Joined: 29 Jul 2015
|Posted: Wed Jul 29, 2015 16:00 Post subject: Setup VoIP Outside of QOS for Best Call Quality
I work for an eCommerce company that receives a large number of phone calls at our office on a daily basis.
We have about 25 computers and 20 VoIP phones connected to two unmanaged switches that are then connected to ports 1 & 2 of a Buffalo Router running "DD-WRT v24SP2-MULTI (09/27/12) std".
All devices have static IP addresses reserved and delivered via DHCP.
When planning for maximum possible bandwidth usage of the VoIP phones, I assumed at most 2 consecutive calls per device (40 max consecutive calls at any given time). It is very rare that this maximum ever gets reached, so it's a safe estimate for me to use.
Our VoIP systems are hosted through a 3rd party (Vonage Business - Previously Vocalocity), and they provide, on their website, a list of services used by the phone and their respective port ranges, as well as a formula for calculating the amount of bandwidth usage needed for optimum call quality per each call.
Using their formula I came up with 3.4Mbps needed for 40 consecutive calls at maximum call quality.
We are connected to a fiber-optic line from our ISP and have a dedicated 10Mbps up & 10Mbps down (this is set at the power company). I've consistently confirmed these numbers using speedtest.org and watching the WAN traffic numbers in the bandwidth graph of DD-WRT.
One additional bit of information. All of our computer traffic running through Ports 80 & 443 route through an internal proxy server, then to our router, and on to the internet. All port 80 traffic is cached on this proxy server (freeing up much of our available WAN bandwidth for use by other traffic).
Top priority for us is VoIP (sip & rtp), followed by SVN (for our web development team).
So I first made the following calculations -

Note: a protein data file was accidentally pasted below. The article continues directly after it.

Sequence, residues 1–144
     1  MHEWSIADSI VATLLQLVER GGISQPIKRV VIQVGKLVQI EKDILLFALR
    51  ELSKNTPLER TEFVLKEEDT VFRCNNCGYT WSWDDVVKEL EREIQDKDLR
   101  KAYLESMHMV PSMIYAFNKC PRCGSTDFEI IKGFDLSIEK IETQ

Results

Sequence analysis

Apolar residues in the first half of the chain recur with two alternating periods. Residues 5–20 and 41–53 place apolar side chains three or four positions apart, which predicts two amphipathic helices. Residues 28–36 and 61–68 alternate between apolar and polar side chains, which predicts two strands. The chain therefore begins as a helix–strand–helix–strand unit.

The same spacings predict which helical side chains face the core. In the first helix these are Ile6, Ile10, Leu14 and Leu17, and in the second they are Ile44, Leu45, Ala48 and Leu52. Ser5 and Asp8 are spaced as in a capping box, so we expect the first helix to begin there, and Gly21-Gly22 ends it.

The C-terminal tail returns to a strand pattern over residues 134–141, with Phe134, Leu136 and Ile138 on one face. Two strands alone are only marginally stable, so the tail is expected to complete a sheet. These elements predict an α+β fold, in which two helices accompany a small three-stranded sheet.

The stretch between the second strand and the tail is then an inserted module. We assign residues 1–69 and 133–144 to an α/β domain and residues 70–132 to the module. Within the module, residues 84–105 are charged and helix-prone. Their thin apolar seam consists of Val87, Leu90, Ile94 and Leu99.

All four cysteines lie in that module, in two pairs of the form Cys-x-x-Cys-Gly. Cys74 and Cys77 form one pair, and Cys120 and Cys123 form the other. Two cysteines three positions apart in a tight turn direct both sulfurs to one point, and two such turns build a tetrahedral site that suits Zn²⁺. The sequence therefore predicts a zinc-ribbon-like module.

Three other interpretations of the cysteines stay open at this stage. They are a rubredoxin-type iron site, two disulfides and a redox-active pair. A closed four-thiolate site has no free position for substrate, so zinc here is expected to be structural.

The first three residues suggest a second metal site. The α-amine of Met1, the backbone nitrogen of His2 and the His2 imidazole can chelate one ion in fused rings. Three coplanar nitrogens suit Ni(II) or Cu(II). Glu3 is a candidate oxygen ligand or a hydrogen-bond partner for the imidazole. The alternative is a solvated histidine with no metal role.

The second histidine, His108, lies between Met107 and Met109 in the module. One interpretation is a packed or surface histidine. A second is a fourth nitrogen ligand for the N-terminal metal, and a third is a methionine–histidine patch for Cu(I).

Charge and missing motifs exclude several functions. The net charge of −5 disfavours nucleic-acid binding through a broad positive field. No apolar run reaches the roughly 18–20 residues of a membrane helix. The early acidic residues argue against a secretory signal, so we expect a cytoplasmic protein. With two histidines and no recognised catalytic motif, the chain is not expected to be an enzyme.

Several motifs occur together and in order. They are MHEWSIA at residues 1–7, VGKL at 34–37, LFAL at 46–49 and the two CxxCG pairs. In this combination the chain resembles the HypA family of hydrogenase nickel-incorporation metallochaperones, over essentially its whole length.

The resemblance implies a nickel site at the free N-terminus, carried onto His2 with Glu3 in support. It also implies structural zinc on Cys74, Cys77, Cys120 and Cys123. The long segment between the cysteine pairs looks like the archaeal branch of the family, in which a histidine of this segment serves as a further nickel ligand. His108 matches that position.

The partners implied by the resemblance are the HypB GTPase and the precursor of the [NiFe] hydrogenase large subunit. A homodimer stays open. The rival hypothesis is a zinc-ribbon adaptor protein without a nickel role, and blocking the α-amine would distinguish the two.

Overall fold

- I took 95% of both up and down limits provided by our ISP (10,000Kbps x .95 = 9500Kbps).
- I then subtracted the total bandwidth needed for maximum call quality (using our very conservative number of consecutive calls) from the number in my first calculation. (9500Kbps - 3400Kbps = 6100Kbps).
Using those calculations I then configured QOS as follows -
- Port: WAN
- Packet Scheduler: HTB
- Uplink: 6100
- Downlink: 6100
- Bulk: Youtube, Dropbox, iTunes, Facebook, Bittorent, PDF, Skype, Twitter
- Express: Subversion, DNS
- Exempt: Sip, Rtp (both as custom services on the ports supplied by our VoIP provider)
No other QOS settings are configured.
Everything I've read on the subject always says to set Uplink & Downlink at 80%-90% of the actual speeds from our ISP, then to set the Sip & Rtp services to Premium or Express.
It wasn't working well for us, so instead I allocated maximum bandwidth for use by all router traffic at an amount minus what we need for VoIP and set Sip & Rtp services to be exempt from those bandwidth limits. (Essentially allocating, at minimum, 3.4Mbps to VoIP).
I don't see this as being a feasible solution if setup in the same way for other services that have the potential to utilize our total maximum bandwidth. But because our VoIP setup would never utilize our total maximum bandwidth, we can bet there will always be available bandwidth for all other traffic running under QOS, and we can then shape their traffic priorities separate from VoIP.
So, are there any issues with setting it up in this way?
It seems to have fixed all of our VoIP issues. No more dropped calls, and no complaints of trouble hearing or voice breaking up.
Are there any other areas in which this particular setup may cause problems?
I worry because if this is a valid working configuration, why do I not find anyone else suggesting to set it up in this way? Rather they always suggest including the VoIP services under the umbrella of QOS limits.
Joined: 12 Jun 2019
|Posted: Wed Aug 21, 2019 7:13 Post subject:
|You don't get much help in the advanced routing section...
I'm currently trying to set up QOS on my router for VOIP, but I'm not even sure I need it.
I have a gigabit internet connection from which I can peak around 750/50 due to my modem.
That being said, I rarely maximize bandwidth, but I do need low latency for cs:go and VOIP. I was getting ping problems in cs:go that disappeared when I set up QOS, but again, badniwdth was never the issue. QOS must have done something.
For VOIP I'm not even sure what service to use or what flags to target. Now that I think about it I could prioritize my voip modem, but again, bandwidth isn't an issue, latency is.